Four Lessons Best Learnt From Other Managers Mistakes!
Updated: Aug 18
We’ve heard this phrase quite often – ‘there is no need to reinvent the wheel.’ While it is many times heard when a good wheel reinvent would be useful, let’s flip it around. Let’s think of it as not always having to make the same mistake again. Surely blessed souls have tread this way before! We can also learn from their experience, and avoid making those mistakes entirely.
As a first-time manager, some mistakes can cost you dearly and are somewhat hard to fix once made. What’s more, some of them creep up on us without warning, and we soon find ourselves in a rut, with no idea how we got there. Here are four mistakes that you might make and tips to prevent them.
A Desire To Be Loved By All: We hate to break it to you, but a decision-maker is rarely ever a universal favourite. There will always be people who love you for a decision, and others who don’t. Many new managers find themselves trying not to make the same mistakes that their previous bosses did. They begin to present themselves in a pleasant way for every single person. In an organisation, getting too many opinions and trying to please everyone can often delay crucial decisions. What’s more, a laidback boss might never really get taken seriously. Rule of thumb: It is okay to be laidback after-hours, but while at work, focus on what’s best for the company.
Micromanagement: The greatest skill any manager could ever develop is to delegate. Not doing so has cost many a manager their jobs, mental peace and even their health. Why do so many managers find it tough to delegate? Because they lack trust in their team’s ability to deliver without their involvement. Come to think of it; it goes right back to our need to be in control all the time. Rule of thumb: Delegating is not equal to giving up power. It is about giving people a task, the resources they need and trust that they will perform. Not so bad, right?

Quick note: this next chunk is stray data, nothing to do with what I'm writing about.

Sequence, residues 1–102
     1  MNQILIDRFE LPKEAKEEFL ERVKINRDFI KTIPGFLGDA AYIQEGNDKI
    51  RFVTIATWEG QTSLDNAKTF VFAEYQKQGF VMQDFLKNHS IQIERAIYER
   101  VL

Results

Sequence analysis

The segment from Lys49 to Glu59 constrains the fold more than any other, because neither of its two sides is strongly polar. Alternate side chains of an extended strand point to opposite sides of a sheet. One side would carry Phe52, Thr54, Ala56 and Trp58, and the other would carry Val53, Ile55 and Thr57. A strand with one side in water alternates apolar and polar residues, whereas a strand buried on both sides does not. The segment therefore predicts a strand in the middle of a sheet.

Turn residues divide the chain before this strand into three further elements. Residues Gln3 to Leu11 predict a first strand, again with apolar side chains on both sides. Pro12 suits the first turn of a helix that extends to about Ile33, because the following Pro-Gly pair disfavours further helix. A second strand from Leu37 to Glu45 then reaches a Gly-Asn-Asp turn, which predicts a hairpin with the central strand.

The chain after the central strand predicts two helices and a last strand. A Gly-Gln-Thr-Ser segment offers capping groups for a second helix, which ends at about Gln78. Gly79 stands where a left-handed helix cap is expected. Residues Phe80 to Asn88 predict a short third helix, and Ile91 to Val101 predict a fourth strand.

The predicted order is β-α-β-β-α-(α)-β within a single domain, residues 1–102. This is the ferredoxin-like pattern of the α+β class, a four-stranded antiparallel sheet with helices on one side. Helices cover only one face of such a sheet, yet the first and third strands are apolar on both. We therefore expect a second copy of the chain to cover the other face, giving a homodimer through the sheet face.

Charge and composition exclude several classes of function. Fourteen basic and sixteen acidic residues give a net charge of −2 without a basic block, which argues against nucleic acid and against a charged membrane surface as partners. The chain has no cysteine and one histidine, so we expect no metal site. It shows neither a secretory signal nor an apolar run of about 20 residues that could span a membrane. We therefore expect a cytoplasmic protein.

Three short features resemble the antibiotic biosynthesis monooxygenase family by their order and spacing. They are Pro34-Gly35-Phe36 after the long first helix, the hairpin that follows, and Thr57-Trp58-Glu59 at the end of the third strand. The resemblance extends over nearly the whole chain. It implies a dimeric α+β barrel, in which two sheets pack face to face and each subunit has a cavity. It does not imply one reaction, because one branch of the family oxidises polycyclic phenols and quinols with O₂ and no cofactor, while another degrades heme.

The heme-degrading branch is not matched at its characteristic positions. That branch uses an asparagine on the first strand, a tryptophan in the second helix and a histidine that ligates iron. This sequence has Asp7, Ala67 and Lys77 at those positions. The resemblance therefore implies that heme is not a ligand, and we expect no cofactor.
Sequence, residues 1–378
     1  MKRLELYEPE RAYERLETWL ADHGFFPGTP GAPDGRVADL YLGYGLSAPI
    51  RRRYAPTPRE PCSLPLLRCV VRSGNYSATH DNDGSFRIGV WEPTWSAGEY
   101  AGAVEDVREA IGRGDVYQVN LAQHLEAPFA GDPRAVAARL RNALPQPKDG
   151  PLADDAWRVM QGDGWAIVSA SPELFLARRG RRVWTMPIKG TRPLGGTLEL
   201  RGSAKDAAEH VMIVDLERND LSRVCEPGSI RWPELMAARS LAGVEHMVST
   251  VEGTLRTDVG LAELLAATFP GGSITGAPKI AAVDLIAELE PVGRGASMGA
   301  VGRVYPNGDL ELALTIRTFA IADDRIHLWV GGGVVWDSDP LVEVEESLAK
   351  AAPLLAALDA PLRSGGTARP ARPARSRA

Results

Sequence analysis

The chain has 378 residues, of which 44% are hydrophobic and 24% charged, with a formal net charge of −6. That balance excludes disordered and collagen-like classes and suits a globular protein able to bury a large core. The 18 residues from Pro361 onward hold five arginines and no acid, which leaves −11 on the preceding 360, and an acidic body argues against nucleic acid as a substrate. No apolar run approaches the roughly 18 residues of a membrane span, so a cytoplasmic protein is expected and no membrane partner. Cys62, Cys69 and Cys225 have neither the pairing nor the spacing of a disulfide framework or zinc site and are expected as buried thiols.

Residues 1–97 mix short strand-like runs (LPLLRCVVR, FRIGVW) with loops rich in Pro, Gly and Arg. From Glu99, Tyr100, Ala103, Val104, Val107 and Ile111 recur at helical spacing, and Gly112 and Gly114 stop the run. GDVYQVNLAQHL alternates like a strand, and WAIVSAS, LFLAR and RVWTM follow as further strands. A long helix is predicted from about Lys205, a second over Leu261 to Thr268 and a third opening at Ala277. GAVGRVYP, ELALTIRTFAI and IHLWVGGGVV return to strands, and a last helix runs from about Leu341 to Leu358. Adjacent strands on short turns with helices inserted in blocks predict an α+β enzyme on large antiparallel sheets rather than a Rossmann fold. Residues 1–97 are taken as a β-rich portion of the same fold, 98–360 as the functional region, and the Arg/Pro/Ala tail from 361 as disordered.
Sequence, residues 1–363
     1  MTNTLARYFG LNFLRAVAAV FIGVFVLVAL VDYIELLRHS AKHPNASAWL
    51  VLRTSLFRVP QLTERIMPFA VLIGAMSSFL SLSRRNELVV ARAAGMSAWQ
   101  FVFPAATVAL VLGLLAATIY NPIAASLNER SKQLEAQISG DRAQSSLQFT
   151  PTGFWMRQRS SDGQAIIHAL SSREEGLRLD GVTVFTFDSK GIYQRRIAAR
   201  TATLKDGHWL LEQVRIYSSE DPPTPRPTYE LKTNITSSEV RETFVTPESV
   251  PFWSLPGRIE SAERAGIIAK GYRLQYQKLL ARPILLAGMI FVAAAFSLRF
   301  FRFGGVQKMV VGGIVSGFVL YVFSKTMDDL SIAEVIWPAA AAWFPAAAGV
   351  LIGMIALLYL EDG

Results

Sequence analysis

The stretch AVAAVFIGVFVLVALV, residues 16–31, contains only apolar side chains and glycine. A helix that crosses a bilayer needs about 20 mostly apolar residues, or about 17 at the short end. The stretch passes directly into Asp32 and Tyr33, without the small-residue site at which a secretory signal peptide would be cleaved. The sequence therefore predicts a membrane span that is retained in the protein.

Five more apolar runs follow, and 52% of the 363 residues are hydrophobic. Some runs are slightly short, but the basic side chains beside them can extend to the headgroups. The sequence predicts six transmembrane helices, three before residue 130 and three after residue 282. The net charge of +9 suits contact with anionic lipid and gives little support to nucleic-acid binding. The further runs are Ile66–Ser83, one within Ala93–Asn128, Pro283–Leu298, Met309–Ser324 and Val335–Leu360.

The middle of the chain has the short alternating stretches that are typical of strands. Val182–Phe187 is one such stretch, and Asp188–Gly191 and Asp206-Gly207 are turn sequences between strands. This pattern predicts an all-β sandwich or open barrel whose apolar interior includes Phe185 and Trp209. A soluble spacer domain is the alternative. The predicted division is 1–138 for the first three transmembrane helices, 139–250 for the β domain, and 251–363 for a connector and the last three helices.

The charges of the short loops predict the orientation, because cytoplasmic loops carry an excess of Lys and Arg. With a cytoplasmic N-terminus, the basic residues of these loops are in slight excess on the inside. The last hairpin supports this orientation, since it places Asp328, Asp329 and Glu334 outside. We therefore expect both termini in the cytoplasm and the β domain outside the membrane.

‘It’s All About Me’: Don’t we all just hate those bosses who remember to thank everyone in their annual speech, but their team? It undermines all the hard work over time, and points to one very clear insecurity- even as a manager, you want to be the only star that shines. Team members will eventually begin to despise you for being this way. Better avoid that situation. Rule of thumb: Share the credit. In your weekly review, be sure to thank all those people who are keeping the wheel (did we say wheel again?) turning. Acknowledge the effort of every single person. Neglecting Your Growth: Once you become a manager, complacency may set in. Suddenly, the next goal is a bit too far away and the last one, already achieved. However, investing in yourself in the form of time, material and training will only help you get better. What’s more, we also suggest that you pay extra attention to your health and wellbeing. We’ve all heard of managers who have just collapsed from fatigue. Well, there’s nothing in the world, and certainly not a job, that’s worth dying for.
Rule of thumb: “Am I getting an hour to myself each morning to do what I like? Am I able to exercise four times a week? Am I reading, writing, doing enough to stimulate my mind?” What’s your greatest lesson as a first-time manager? Share with us in the comments below.